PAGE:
Have you ever wondered what percentage of musicians and actors began practicing their craft because they wanted to meet members of the opposite sex or they craved fame and adulation? One is probably safe in saying that it exceeds 60%. For the last twenty-five years and perhaps longer artists try to be bigger than their art. Their art is merely an avenue to adulation and praise, a path to the cult of personality. So many musicians move into acting following a single hit that the public quickly forgets that they had nothing to say before they had nothing to say. Once they have achieved a modicum of fame they can slump or peacock about, style dependent, whoring endlessly on television and especially on that merchant to the lowest common denominator, MTV.
Fame is ultimately of little value, but it hasn’t stopped people from debasing themselves in a thousand novel ways to taste it. When fame is the goal, a person’s art is attached to them like a Siamese twin, one which dies much sooner than the other. Kenny Rogers the ex-rock, ex-pop, full time country singer was quoted as saying, “At the peak of my success I had no life” or words to that effect. In other words your fans, your managers, your record label owns every minute of your day. Who hasn’t heard some idiot fan pontificating on why famous person Z owes them something simply because the simpleton admired the artist. Popular music is fashion as the cliché goes and Kenny Rogers in the nineties was the musical equivalent of designer jeans. This, of course, permitted him to make a “comeback” never mind he never stopped recording. Comebacks are normally nostalgia driven sales of a new record, which is sufficiently fashionable for the critics to love; never mind five years ago they couldn’t find enough hateful things to say.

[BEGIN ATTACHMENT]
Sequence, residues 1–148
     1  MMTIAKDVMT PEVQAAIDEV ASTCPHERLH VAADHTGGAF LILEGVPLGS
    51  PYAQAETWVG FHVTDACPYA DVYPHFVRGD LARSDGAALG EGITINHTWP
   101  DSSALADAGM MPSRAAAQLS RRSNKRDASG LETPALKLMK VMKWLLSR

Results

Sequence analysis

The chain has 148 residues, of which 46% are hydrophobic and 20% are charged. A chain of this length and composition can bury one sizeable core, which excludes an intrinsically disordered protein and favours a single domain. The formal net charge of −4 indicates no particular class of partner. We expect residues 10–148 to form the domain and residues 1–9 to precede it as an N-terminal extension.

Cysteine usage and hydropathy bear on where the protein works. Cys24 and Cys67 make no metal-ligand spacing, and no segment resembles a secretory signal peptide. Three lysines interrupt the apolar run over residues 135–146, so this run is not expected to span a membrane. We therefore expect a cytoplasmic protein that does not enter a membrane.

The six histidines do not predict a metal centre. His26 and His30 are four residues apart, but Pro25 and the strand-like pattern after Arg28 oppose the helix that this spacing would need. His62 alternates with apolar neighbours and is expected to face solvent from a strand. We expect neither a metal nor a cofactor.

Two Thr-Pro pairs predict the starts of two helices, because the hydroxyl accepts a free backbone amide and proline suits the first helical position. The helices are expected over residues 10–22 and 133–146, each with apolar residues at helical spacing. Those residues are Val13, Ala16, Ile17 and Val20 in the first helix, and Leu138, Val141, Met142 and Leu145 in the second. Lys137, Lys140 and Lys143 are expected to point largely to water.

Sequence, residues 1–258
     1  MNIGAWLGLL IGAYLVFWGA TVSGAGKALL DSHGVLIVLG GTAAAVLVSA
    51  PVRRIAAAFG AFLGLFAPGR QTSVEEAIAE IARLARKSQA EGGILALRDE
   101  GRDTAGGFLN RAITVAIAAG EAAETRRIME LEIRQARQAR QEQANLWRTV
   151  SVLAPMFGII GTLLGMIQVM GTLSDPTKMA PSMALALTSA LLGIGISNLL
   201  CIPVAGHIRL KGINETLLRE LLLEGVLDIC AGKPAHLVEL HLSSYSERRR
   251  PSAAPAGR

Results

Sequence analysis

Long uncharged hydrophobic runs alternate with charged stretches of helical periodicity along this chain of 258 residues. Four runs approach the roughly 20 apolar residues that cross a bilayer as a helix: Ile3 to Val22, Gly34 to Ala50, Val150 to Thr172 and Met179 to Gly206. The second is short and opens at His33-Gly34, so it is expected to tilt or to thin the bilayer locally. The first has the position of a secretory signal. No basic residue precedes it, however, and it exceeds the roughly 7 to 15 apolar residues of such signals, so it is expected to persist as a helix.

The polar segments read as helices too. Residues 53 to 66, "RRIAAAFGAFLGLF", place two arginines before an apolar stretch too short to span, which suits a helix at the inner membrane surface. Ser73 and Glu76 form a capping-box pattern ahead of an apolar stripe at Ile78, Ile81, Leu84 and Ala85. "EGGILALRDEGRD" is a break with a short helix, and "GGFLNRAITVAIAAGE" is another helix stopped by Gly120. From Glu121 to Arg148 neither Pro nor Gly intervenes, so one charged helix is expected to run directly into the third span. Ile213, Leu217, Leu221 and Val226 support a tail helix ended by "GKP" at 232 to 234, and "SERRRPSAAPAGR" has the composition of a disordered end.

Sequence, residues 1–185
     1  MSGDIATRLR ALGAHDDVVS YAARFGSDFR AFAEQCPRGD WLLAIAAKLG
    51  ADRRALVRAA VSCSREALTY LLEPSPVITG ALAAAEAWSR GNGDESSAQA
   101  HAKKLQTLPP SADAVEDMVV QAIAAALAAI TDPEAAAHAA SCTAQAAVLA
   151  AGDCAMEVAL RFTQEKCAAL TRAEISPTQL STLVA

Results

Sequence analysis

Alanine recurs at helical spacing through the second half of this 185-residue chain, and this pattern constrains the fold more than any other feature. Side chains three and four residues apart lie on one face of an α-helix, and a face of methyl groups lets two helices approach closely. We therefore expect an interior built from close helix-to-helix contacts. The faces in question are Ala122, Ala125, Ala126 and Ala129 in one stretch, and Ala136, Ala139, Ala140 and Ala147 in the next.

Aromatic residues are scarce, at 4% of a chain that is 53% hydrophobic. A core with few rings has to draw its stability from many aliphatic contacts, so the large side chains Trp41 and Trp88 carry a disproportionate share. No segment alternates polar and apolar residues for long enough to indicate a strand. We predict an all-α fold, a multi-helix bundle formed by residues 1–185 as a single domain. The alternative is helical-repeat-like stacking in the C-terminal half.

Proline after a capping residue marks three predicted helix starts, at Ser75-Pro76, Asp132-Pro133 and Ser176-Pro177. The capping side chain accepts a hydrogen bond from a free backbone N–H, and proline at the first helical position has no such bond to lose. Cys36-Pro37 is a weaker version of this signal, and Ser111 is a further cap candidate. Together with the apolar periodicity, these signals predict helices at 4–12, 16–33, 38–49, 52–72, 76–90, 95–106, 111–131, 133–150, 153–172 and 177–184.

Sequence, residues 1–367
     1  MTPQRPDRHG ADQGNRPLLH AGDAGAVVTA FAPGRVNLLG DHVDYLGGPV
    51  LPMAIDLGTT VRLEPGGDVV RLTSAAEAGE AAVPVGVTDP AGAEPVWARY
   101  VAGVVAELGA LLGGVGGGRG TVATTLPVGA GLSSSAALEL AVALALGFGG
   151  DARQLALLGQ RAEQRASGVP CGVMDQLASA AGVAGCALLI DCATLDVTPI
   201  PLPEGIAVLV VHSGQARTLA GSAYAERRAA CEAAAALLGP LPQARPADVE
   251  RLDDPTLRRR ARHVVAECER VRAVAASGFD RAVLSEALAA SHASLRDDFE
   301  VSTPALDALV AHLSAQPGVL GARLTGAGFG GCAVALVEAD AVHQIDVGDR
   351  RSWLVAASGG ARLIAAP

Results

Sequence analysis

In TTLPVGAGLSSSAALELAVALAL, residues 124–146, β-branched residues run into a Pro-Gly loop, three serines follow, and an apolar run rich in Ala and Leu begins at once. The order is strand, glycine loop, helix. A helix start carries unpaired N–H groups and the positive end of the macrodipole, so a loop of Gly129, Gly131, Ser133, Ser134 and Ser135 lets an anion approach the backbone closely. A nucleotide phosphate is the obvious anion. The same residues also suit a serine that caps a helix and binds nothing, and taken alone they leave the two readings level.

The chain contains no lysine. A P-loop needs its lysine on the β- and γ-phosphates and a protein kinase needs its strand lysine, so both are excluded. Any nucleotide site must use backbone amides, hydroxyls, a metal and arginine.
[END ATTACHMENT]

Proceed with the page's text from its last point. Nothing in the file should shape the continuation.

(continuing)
Art should be separated from personality. Fans should connect with the art not the artist. The artist should care little whether one person reads listens or acknowledges their art. The work is the end, not financial achievement, not public recognition. If no one knows who you are, they judge your art on it’s own merits. There is no need for a comeback because if you have integrity you write the best you can without false company deadlines, demands that you promote and a big advance hanging over your head. If you want to join the ranks of media whores and start your own cult of personality remember your Siamese twin and when it dies it will probably poison you too.